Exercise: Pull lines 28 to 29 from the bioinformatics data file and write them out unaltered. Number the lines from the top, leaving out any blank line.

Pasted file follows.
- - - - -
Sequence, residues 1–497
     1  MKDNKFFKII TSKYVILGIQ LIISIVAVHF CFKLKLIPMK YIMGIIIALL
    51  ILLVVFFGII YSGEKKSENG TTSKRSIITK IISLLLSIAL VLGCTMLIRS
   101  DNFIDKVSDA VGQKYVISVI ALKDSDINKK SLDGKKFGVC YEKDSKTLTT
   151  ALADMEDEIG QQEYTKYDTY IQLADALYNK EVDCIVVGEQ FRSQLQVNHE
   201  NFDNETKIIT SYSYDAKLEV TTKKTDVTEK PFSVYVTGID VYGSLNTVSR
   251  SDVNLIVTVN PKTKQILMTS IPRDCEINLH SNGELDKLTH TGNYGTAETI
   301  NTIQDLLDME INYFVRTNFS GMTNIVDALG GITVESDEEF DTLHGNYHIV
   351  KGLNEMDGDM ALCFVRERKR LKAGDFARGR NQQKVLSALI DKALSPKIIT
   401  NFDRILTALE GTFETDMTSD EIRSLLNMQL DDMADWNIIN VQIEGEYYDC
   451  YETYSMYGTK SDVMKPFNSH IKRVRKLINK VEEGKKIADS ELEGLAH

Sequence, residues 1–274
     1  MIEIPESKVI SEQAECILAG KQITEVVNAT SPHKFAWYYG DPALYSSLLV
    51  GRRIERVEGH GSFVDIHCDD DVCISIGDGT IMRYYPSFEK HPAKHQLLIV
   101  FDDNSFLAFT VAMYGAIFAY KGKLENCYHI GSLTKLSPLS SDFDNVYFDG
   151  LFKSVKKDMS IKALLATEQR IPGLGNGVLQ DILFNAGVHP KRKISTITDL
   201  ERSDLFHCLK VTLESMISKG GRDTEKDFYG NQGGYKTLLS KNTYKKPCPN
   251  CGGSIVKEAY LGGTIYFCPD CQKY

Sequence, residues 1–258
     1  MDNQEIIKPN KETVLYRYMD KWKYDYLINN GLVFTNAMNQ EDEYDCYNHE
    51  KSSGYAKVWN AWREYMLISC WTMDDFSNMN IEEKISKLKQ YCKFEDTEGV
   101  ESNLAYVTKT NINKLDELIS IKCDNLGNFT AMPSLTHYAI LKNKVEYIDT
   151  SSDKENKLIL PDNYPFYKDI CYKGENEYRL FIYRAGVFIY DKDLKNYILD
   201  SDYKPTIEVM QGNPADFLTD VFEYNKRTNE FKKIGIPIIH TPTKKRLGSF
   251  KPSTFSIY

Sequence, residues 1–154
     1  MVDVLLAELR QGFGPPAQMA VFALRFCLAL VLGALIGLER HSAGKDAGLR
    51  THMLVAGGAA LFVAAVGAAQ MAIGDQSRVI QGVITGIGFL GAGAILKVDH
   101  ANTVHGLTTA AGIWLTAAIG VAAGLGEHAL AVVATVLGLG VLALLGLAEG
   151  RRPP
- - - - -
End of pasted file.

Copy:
    51  THMLVAGGAA LFVAAVGAAQ MAIGDQSRVI QGVITGIGFL GAGAILKVDH
   101  ANTVHGLTTA AGIWLTAAIG VAAGLGEHAL AVVATVLGLG VLALLGLAEG